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The Power of Patience

By  ,  Onlymyhealth editorial team
Sep 01, 2012
4.8 / 5(4 Ratings)

The Power of Patience

‘Sabbali’ is what they call patience in the West African native language, Bambara. Patience is a virtue unmatched with most other virtues. Patience is a test; it is a spiritual practice that allows your mind to grow. Frustration means mayhem, it means chaos of the mind; patience is peace, patience is calm.

 

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When we talk about patience we do not mean that you should give-in or be quiet. Patience will often give you a mental picture of a person who is probably quiet, but that is mere facade. Men of power and strength have patience. Nelson Mandela had patience to spend 27 years in prison and then come out with open arms, ready to forgive his perpetrators. Only to love and be loved, such is the power of patience. He did not scream out or show his frustration, he waited for nearly three decades. Can you be a patient man, can you be a Nelson Mandela?

 

Most of us cannot, but citing the example of the great Nelson Mandela I just hoped to show you the true power of patience. Frustration just makes one confused so why that? Why get over worked and impatient when you can patiently wait for the light to shine bright? In Buddhism, patience is one of the six perfections that form the foundation in the quest for enlightenment. It is the act of enduring and waiting that can be a weapon to help one achieve the highest. In Islam too patience is one of the most valuable virtues of life. It says God is with those who are patient while suffering. All throughout the world, every religious scripture talks about patience being one of the greatest virtues; it is not just some Godly advice to achieve moksha. It is one of the bases of life that holds us strong and tall.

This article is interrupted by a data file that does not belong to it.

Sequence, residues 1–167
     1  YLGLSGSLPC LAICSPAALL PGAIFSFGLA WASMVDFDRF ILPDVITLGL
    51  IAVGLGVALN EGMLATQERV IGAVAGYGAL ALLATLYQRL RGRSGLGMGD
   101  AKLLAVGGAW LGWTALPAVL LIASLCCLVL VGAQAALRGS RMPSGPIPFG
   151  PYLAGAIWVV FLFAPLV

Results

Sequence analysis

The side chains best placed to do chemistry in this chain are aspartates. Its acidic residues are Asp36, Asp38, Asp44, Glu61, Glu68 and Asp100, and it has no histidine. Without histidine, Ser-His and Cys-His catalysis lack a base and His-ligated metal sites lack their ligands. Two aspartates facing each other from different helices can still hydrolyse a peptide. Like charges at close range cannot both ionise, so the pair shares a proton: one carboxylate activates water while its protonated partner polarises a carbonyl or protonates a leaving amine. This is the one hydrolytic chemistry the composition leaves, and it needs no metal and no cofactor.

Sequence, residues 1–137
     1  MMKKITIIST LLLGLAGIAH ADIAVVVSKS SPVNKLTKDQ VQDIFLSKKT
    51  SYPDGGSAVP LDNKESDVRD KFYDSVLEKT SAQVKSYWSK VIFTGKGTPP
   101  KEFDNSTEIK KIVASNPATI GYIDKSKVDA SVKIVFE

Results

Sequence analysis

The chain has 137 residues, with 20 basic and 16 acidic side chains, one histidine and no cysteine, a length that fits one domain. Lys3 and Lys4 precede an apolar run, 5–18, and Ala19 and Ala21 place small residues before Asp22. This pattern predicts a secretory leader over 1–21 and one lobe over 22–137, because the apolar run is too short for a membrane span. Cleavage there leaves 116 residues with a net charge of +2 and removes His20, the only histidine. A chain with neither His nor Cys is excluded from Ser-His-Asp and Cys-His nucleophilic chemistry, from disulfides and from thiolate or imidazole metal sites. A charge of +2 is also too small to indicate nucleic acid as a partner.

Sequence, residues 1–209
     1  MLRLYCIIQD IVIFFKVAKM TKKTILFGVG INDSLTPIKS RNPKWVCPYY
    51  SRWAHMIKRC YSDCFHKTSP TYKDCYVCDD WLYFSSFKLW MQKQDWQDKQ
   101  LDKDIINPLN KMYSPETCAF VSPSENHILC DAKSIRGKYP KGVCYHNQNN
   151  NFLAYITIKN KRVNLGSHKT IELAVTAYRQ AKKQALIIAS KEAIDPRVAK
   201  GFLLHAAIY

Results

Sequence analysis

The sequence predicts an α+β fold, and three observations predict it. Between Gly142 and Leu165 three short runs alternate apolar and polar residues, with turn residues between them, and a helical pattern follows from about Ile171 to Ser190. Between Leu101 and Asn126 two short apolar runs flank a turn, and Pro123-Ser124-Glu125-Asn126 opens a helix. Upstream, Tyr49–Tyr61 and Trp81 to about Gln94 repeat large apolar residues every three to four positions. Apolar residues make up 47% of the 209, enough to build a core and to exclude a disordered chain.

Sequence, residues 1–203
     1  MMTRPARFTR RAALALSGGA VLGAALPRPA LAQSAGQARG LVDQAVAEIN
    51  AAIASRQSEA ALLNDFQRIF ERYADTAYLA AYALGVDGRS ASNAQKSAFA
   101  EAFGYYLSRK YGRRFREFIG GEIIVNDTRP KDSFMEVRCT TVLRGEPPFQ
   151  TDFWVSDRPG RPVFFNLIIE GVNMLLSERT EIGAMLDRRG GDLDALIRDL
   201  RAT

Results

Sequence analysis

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Practicing patience will help you realise how easy and nice things can be. Watch Roger Federar in a game of lawn tennis. Have you seen him losing his mind? Did he ever show frustration after losing a point? No. He always waits patiently for his time to come and when it does come, he shines like a star. Today the term ‘have patience’ hints upon a boring idea, something that is passé. People like to be quick and in the habit of being the first one in the rat race have forgotten a formidable virtue.

 

Freidrich Nietzsche in Human, All Too Human had written “being able to wait is so hard that the greatest poets did not disdain to make the inability to wait the theme of their poetry." But are you man enough for this hard task? Nelson Mandela was, Mahatma Gandhi was, Annie Frank was.

 

 

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